The 2011 BP oil spill and other environmental factors led to a historically high number of dolphin deaths in the Gulf of Mexico, a two-year study found.
Scientists have been trying for the past two years to understand the reason for a high number of dolphin deaths, part of what's called an "unusual mortality event," along the northern Gulf of Mexico.
Biologists were especially concerned with the exceptionally high number of young dolphins that made up close to half of the 186 dolphins that washed ashore from Louisiana to western Florida.
"Unfortunately it was a 'perfect storm' that led to the dolphin deaths," Graham Worthy, a University of Central Florida biologist, said.
"The oil spill and [previous] cold winter of 2010 had already put significant stress on their food resources, resulting in poor body condition and depressed immune response," he said in a university release Wednesday.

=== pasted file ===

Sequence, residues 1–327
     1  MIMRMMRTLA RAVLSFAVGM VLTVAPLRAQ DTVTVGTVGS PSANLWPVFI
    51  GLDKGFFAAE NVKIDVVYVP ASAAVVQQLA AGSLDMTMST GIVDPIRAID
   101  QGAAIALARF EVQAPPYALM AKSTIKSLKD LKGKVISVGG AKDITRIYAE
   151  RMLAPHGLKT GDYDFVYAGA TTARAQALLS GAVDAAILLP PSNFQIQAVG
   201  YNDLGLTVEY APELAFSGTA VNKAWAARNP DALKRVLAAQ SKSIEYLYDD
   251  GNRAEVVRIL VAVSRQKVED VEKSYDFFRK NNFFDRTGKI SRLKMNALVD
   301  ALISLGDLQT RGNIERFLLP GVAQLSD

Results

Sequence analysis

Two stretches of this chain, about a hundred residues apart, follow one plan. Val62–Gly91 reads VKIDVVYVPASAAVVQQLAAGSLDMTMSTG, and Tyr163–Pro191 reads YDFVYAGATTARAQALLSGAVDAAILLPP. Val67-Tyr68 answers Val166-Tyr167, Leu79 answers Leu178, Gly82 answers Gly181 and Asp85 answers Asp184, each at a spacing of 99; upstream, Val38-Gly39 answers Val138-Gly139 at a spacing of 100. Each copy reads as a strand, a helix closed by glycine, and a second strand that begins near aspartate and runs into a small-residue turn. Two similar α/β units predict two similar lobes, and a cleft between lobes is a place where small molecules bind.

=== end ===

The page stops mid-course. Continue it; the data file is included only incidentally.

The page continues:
The cold winter of 2010 was followed by the historic BP Deepwater Horizon disaster in April 2011, which dumped millions of gallons of oil into the Gulf of Mexico, likely disrupting the food chain in the middle of the dolphins' breeding season.
Then a sudden entry of high volumes of cold freshwater from Mobile Bay in 2011 imposed additional stress on dolphins that were already in poor body condition.
"It appears the high volumes of cold freshwater coming from snowmelt water that pushed through Mobile Bay and Mississippi Sound in 2011 was the final blow," Worthy said.
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